You’ve written what you feel is a fantastic piece of marketing content.  Your next step?  Use that piece of content to generate more traffic, leads and thought leadership for your business. However, that is where it becomes challenging.


What is your distribution path?  Are you focusing on free distribution?  If so, what channels are you planning to use? Let’s assume you go the path of using the main social media channels – LinkedIn, Facebook, Google+, Twitter.  Do you have a large enough following to engage with?  Is this following comprised of mainly friends and colleagues or is this following built around your target audience?  How are you planning to post your content?  What times of day are you posting it?

Yikes, there seems to be an unlimited amount of detailed questions that need to be addressed as you try to build out your content distribution path.  At this point, the idea of pressing “one button” and getting your content in front of your target audience is probably floating around in your mind.

Possible Solution?

Enter “Native Advertising, ” AKA, a branded content channel.  It is one of the quickest ways to generate more traffic, leads and thought leadership by accessing a channel in which your target audience is already participating in droves.

Native advertising is one of the biggest buzzwords in 2014.  It is driving millions of dollars in advertising spend. So, what is native advertising?  Is it a buzzword? Is it a web advertising method or is it new content in a purchased location online?  Actually it is all of the above. In a practical sense, marketers are paying to provide their content in the context of a user’s browsing experience.

Native advertising has existed in previous forms for a while, but the evolution of digital content has generated a fresh focus on it as a digital marketing tactic.  Literally every day, more and more content providers are rolling out this service from the to Mashable to Pinterest. There are solutions that can works for the mom and pop as well as the billion dollar brands.  However, key benefits are the same and include:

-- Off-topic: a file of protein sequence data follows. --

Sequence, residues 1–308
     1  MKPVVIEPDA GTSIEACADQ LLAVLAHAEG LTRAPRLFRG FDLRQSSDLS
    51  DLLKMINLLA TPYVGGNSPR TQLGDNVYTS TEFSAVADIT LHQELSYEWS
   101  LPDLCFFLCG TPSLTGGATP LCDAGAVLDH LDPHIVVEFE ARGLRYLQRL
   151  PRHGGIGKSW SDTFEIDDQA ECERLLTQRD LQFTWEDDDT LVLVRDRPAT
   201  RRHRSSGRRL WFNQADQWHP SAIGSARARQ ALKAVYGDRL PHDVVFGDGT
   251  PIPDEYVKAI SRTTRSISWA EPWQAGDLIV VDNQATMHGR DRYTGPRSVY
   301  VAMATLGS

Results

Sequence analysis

• Exposure – Getting in front of your target audience with content they are seeking
  • Traffic – Good content is generally a conduit to people clicking to your site to learn more
  • Thought Leadership – This is a combination of visibility, credibility and trustability. Providing content that enables you to share your brand’s expertise without selling, is powerful.

The Survey

Given, this explosive interest, the Copyblogger hosted a native advertising survey and recently published their results. See the infographic below.

Key points from this survey

  1. While this topic is exploding, almost 3/4 of those who responded (73%), are either hardly familiar with this concept or have never heard of it.  Given the velocity at which this is racing through sites offering content marketing services, this could suggest a significant opportunity for those who understand how to leverage the power of native advertising.
  2. This is somewhat further supported by the fact that only 23% of the respondents could define what tactics are considered to be native advertising.
  3. More than 9 out of 10 said their company lacked a budget for native advertising.  This would suggest it is NOT impacting content marketing.  However, given those who responded weren’t exactly sure what native advertising was, perhaps this is too high.

So… is this impacting content marketing services?  

Here’s where perspective comes in. Based on what this survey would suggest, the answer might be no.  However there may be some bias in this survey as the majority of the responses didn’t seem to understand what native advertising is.

If you addressed the question from the position of the growth of native advertising on sites that provide content, the conclusion would strongly suggest this is greatly impacting content marketing services.

The conclusion… (from a business standpoint), after watching the concept being added to every major (and increasingly, “minor” trafficked) content marketing site, it would appear that it is signifcantly impacting content marketing.  What do you think?